Perception checks are sometimes used to give a player additional information about something.  For instance, everyone sees there is mud on the step just outside where the man was killed.  But a notice will provide more information, depending on how good their result was.  So, what can they learn from this mud.  Maybe a shoe size or type, maybe it is unique to a specific location nearby or maybe something about the gait can be seen.  So the ref might assign value levels; a good success can determine the shoe size, and excellent success will determine the mud comes from a nearby coal mine, and a truly outstanding success shows that the prints were made by a person with a noticeably shorter leg, or perhaps club foot!  This is a pretty good system if you are not short-changing the person who took local soil as a skill!

As I stated in the beginning, this is a mechanic that is much over used, to the point that very few characters will forgo some expertise in it.  However, this discussion has granted a few problems with this over use.  What is the fix?  Simple!  Make the roll count!  Like so many of the rolls that players make it should make a difference.  If they have the time to examine things in detail, give them whatever information is available.  Decide if there is complimentary, but not required, information that might be discovered with a roll.  If the roll is failed, the players and their characters still have a way forward, but it won’t be as easy as it could have been.  If the information is required for them to go forward, give it to them.  But if you wish to, make a failed roll get them into other trouble rather than not finding the required information.  Perhaps, just as they find it, a trio of guards walks by and challenges them to put their hands up and back away from the safe, or the failure triggers a cohort getting the information back to the bad guy that the characters now have it!  Or perhaps they only got a copy of the front side of the headpiece, rather than both so that when they start their dig, they are in the wrong place (of course, you will need to come up with a way to get them back to the right place…probably just as their food is running out!  Don’t make a notice/perception/hearing roll result in them noticing that the fire is going out…unless there is no reason it should!  But, as in the last example above, don’t use a notice in place of another, more appropriate skill.  If your game does not have myriad skills, a perception check might always be the best way to find out information that is hidden.  But if you have many skills at your disposal, use the perception, with these presented caveats, and whatever analysis skills to determine their import!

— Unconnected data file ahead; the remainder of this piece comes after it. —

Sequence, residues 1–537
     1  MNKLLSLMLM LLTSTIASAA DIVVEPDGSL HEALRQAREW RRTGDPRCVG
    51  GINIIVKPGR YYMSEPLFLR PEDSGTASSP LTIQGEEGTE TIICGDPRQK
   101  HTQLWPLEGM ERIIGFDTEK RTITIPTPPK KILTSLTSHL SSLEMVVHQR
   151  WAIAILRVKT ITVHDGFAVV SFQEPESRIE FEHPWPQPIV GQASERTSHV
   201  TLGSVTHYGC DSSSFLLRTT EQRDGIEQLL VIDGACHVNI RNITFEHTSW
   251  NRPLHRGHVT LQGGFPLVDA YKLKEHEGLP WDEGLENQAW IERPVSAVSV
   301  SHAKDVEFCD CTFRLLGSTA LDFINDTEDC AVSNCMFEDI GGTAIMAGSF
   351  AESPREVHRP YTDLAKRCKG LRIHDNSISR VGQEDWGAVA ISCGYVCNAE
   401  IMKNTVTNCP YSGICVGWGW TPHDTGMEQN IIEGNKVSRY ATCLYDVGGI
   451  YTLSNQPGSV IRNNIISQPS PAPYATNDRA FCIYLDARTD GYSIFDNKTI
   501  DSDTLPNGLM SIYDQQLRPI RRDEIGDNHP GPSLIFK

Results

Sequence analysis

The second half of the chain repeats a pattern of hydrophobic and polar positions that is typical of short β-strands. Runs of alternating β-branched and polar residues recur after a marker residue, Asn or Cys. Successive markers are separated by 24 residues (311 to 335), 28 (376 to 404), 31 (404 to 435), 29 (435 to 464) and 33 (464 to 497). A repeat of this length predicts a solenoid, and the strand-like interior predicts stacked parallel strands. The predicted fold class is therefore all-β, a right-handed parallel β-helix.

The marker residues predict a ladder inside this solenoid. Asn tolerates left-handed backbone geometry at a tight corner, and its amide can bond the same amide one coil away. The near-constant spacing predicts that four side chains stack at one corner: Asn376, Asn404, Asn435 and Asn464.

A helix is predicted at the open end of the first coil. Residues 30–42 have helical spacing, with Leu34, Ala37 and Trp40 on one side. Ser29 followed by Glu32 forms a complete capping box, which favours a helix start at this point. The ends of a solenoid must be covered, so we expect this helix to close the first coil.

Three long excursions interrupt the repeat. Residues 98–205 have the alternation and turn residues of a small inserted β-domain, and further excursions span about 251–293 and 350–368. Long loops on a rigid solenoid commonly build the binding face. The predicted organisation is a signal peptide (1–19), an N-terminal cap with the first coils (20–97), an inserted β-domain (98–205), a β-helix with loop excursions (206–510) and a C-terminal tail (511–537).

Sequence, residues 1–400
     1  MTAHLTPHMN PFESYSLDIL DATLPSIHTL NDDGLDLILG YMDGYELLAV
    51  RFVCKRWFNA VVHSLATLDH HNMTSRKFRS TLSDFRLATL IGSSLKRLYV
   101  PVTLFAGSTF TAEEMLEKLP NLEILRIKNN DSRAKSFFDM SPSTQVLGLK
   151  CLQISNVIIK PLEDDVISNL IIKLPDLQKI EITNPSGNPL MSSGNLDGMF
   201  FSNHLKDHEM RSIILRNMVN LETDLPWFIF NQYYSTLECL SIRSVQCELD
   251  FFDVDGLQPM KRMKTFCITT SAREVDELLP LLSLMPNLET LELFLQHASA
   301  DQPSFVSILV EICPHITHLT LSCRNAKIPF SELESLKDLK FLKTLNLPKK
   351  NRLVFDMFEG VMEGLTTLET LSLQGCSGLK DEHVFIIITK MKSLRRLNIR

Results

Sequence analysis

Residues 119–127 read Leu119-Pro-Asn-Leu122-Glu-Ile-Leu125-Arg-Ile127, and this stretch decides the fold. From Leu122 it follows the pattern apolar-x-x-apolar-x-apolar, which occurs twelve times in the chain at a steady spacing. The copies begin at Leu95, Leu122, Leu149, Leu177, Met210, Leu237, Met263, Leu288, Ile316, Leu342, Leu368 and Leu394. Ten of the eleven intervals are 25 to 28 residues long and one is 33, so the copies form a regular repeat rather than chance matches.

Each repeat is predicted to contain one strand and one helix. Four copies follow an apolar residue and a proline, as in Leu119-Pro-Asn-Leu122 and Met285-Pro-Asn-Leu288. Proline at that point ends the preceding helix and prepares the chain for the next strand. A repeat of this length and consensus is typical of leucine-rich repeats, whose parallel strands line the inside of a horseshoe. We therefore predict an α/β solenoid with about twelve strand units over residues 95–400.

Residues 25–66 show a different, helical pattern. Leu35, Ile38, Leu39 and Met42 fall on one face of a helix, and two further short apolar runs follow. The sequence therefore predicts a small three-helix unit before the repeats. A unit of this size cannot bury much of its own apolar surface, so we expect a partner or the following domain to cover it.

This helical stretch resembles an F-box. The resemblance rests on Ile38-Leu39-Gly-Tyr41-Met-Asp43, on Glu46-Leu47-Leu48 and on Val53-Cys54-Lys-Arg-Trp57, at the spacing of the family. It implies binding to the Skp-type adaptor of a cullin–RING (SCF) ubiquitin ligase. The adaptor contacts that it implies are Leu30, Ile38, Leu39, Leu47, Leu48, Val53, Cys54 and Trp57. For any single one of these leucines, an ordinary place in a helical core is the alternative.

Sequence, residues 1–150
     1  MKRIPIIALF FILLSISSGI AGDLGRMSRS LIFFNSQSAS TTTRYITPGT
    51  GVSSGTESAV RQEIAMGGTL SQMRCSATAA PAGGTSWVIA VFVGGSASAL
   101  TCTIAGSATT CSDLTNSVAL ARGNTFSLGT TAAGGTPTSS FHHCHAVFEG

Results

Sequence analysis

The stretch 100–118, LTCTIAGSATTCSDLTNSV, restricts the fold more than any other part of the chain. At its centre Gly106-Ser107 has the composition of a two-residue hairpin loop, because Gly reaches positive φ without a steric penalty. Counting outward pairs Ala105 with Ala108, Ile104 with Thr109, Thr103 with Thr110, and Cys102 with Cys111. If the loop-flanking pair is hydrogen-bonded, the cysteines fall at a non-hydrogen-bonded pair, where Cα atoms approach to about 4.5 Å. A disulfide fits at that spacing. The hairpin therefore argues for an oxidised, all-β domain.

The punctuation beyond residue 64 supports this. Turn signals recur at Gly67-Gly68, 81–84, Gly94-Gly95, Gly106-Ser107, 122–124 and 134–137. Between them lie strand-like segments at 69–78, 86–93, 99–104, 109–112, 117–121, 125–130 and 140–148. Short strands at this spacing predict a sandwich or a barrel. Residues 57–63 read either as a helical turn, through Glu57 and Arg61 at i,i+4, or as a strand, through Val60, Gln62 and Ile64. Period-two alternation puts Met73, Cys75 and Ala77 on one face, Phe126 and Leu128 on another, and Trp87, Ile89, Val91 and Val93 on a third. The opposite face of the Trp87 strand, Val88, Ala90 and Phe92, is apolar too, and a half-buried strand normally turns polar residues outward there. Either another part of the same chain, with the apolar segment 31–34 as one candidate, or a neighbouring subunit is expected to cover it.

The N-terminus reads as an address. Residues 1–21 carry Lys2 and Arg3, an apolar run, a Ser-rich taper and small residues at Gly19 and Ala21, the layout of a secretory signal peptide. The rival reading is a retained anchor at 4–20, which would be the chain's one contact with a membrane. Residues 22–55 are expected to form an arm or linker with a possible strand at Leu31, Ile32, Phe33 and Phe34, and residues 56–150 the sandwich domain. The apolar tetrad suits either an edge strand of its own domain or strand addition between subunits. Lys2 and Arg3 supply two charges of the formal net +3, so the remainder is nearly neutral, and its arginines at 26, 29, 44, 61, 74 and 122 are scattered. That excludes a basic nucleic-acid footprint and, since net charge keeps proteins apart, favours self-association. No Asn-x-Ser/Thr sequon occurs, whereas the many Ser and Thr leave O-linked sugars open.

Now, credit where credit is due:  The whole idea of giving the players the information that their characters don’t know for the purpose of the meta-mechanic is not my idea.  I first heard it on the Savage Worlds GM podcast.  Check them out, if you are playing or interested in playing Savage Worlds!

RefMentor wishing you only better games!

Ante Up!

Another post inspired by a question from a fellow, and related, referee…How much buy in can you expect from your players?

The simple answer is:  As you might expect…it depends.   The final answer is that they will probably only ante up with the least amount they can.  Let me explain the issue, and then I will offer a few bits of advice…that’s what you came here for, right?

Buy in is what you want from your players.  You want them to WANT to come to game, to WANT to experience everything you have planned.  And, if your game is based on a very common setting, basically if you can say “We are playing in the Battlestar Galactica universe, as portrayed by the most recent television series, before season 3,” your players will likely know exactly what to expect.  But the farther you get from that statement, the more “Buy In” you are expecting from your players.  If you use the earlier statement, but tell them that the game takes place on an unknown miner, with only a couple of raptors for protection, the buy in becomes higher.  You want your players to go through the notes you provide them to know who the other 15 members of the crew are.  Now, your players may be that rare breed who will devour everything you have written, point out your logical flaws, and pose questions on how much a 10’ pole costs in your setting!  But more than likely, they want to know the setting so they can build a character.  Anything else, they want you to tell them when it becomes pertinent to their game enjoyment.  Nothing wrong with this.  But as a ref who loves to build my own settings it can get frustrating, when I need to constantly remind the players that the “Moon” in this world is visible all the time, that the common man thinks of the day divided into 20 segments of time called horas.  “These are important to the setting of the game,” I wail…and the players ask…”so is it still late afternoon, or is it evening?”  and all I can do is say…yes…it’s late afternoon…

What I have discovered is that while fascinating backgrounds intrigue players, particularly explorers or story-tellers, very few are willing to ingest vast amounts of info to play in it.  What you as a ref need to decide is how much of your background is story info and how much is setting info. Lets see if I can make this clear.  If your next game is taking place in our space faring Roman Empire, you need to decide if the game outcome will depend on knowing when the Leo rebellion occurred and the order the planets were taken back into the Emperors benevolent protection because a serial killer is carrying out murders based on those dates, then that info is vital story info.  However, if the story requires exploration of one of the Leo Rebels ancient Villa’s, then who owned it is really only story dressing.   This is important, because when setting your players up there is a delicate balance of info you can give them without making it obvious the importance of the fact.  The setup for both of these could be very similar: “Game will be set in the Leo Recovery Planets.  As many of these games go, there is a crime that needs solving.”  If you add “It is important to know about the Leo rebellion and recovery, particularly the dates of reintegration.”  that kind of gives away part of the mystery.    As a ref, you have already written 12 pages on the Leo Rebellion, but have any of your players read it?  Of course this borders on character vs player knowledge. (hmmmm…foreshadowing, anyone?)